Latest Recalls and Alerts
Check out our list of tips and recipes for week 2 of the challenge. Learn more about how to pick, store and prepare different vegetables and fruit.
Feature Fruit: BLACKBERRIES
Blackberries are not only delicious but they are very good for you. Blackberries are high in fibre, vitamin C and antioxidants. 1 serving of fruit is equal to ½ cup of blackberries. Choose blackberries that are bright and plump. When storing blackberries, do not wash them. They can be refrigerated for up to 2 days. Blackberries can also be frozen in an airtight container for up to 1 year. When you are ready to use them, gently rinse and dry. Blackberries are great additions to yogurt, cereal and on their own. http://www.eatingwell.com/recipes/chicken_nuggets_blackberry_mustard.html
Canada’s Food Guide recommends that we have at least one dark green and one orange vegetable a day. Dark green vegetables are high in the B vitamin folate. Folate helps to make red blood cells. Orange vegetables are high in vitamin A. Vitamin A helps to maintain normal vision and healthy skin, eyes and immune system. Both of these vitamins are important to eat everyday.
Try the following dark green vegetables: broccoli, spinach, kale, romaine lettuce and asparagus. Orange vegetables include carrots, sweet potatoes and winter squash.
Feature Veggie: SWEET POTATOES
Sweet potatoes have a rich orange colour that is packed with vitamins and minerals. Sweet potatoes are high in vitamin A and an excellent source of vitamin C. They are also high in fibre, especially if you eat the skin. 1 serving of vegetables is equal to ½ cup of cooked sweet potato. Buy sweet potatoes that are small to medium in size and that are firm. Avoid ones that are cracked, bruised or have soft spots. Store sweet potatoes at room temperature for up to 1 week. Scrub your sweet potato and either leave the skin on or peel it off. Sweet potatoes can be baked, steamed or grilled. Try this recipe for Baked Sweet Potato Fries, a tasty and healthy alternative to regular French fries.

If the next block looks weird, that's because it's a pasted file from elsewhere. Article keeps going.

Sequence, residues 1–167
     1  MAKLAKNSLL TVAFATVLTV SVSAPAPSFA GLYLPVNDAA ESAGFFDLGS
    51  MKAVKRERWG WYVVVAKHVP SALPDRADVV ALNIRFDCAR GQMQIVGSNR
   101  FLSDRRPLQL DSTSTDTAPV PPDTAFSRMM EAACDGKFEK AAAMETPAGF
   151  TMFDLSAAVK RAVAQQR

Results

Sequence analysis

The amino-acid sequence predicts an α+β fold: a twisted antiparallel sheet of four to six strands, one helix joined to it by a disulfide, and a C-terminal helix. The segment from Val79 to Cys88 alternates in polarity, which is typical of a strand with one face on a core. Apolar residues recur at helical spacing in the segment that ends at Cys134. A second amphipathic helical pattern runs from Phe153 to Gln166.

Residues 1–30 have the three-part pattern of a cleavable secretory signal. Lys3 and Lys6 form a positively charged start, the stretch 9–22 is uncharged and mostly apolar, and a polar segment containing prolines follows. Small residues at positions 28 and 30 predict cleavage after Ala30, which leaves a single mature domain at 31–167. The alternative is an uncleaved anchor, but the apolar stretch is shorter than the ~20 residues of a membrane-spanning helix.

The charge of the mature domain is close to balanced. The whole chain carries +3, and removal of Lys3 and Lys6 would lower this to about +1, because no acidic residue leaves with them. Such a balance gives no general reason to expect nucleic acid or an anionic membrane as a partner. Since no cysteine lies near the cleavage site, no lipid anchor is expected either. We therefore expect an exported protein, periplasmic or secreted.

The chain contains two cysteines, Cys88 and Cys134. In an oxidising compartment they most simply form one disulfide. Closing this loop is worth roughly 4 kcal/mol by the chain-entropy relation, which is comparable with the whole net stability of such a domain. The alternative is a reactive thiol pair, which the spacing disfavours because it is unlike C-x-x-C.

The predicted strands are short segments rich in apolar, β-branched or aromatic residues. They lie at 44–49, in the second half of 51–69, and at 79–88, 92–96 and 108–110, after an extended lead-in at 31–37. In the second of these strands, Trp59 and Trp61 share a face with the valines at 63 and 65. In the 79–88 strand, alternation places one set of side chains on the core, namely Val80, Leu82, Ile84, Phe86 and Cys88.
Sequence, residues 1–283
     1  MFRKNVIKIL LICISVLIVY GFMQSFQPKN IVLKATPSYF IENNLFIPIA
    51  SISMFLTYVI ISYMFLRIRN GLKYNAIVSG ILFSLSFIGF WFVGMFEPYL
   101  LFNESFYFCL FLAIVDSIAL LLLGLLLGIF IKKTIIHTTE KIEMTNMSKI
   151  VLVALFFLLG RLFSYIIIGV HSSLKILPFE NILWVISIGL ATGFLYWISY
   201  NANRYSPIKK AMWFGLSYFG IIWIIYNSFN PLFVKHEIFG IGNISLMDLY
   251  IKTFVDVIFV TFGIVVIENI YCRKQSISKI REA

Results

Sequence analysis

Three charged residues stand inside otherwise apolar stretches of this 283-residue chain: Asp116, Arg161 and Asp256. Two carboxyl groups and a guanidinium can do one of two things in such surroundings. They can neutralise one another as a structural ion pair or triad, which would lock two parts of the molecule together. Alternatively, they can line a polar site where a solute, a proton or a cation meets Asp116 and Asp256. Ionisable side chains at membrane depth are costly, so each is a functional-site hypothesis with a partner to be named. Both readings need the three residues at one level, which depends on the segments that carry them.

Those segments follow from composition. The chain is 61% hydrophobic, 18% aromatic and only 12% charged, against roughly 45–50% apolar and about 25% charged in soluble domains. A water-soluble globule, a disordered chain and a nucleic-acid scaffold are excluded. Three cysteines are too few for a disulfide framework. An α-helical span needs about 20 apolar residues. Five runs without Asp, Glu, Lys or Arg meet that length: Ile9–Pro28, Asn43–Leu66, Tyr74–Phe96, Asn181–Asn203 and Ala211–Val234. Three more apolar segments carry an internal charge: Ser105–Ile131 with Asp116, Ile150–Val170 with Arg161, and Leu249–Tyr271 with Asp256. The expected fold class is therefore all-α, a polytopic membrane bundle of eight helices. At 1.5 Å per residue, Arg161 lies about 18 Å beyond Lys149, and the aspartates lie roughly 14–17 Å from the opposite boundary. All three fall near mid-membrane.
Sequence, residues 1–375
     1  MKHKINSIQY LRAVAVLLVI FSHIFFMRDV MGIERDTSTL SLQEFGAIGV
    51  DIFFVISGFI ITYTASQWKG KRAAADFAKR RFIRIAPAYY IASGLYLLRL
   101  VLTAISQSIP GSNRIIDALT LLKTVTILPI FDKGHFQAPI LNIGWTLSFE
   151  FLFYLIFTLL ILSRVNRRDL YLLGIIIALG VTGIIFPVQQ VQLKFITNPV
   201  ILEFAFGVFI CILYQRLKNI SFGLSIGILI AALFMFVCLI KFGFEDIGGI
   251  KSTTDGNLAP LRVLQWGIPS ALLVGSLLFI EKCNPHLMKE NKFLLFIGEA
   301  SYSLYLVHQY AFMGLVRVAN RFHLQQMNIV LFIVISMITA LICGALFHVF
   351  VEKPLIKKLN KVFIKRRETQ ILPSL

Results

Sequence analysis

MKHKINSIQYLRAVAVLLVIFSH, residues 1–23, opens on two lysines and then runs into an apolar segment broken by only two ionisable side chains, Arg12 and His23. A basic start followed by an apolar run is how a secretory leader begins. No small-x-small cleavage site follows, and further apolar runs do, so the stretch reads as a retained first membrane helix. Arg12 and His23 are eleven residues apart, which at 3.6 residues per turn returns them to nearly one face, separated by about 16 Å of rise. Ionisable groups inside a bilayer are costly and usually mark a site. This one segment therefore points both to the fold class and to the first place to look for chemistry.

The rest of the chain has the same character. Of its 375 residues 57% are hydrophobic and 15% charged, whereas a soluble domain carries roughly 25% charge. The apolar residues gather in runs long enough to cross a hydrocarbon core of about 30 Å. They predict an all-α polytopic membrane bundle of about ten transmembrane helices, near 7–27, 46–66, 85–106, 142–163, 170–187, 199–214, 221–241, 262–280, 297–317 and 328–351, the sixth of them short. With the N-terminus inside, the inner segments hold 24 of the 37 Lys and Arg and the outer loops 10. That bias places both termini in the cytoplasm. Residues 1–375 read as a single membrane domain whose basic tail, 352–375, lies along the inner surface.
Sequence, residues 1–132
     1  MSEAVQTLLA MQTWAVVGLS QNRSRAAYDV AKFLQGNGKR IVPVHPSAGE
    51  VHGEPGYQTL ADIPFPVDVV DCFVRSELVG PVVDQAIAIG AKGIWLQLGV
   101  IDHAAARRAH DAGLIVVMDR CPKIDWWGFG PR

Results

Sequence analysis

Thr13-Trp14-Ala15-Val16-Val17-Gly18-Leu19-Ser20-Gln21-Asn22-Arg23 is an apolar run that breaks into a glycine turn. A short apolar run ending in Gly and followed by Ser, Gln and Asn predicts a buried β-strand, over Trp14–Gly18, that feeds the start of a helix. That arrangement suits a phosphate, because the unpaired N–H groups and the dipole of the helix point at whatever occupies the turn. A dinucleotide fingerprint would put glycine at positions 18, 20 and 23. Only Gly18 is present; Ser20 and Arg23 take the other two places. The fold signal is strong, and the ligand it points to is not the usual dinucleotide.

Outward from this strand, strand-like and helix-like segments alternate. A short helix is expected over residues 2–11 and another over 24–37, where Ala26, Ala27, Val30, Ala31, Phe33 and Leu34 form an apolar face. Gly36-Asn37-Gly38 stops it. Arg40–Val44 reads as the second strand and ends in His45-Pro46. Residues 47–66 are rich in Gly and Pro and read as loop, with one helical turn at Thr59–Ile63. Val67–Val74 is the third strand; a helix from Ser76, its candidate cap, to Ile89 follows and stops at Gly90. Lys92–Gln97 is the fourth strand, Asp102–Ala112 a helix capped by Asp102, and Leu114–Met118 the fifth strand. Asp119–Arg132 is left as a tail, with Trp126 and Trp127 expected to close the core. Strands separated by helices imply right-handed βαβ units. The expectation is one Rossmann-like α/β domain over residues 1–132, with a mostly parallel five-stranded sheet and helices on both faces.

Cut your vegetables and fruit at home. Buying pre-cut produce can cost much more than whole vegetables and fruit. Try doing this as soon as you get home from the grocery store so you have veggies and fruit on hand. Keep them in the fridge and at eye level to make for easy snacking for children and adults. If they are ready to eat, then you and your family are more likely to eat them!
Feature Veggie: RADISHES
Radishes are usually eaten raw grated or slices in salads, or used as a garnish. They are a source of vitamin C and folate and should be crisp and firm when purchased. If the tops are attached, they should be bright green and not wilted. Once home, do not wash but remove the tops and put in a plastic bag and refrigerate for up to 1 week. When preparing them, trim the stem and root ends and dip into ice water for 1 hour to crisp. Try adding them to salads raw or for something different, try cooking thinly sliced radishes in butter until just tender.
“An apple a day will keep the doctor away”. We have all heard this saying and it is true, fruits and vegetables have lots of health benefits. They are full of essential vitamins and minerals, fibre and other substances that are important for our health. Most are also low in fat and calories and eating a diet rich in vegetables and fruit may reduce your risk of cancer and other chronic diseases.
Feature Fruit: PLUM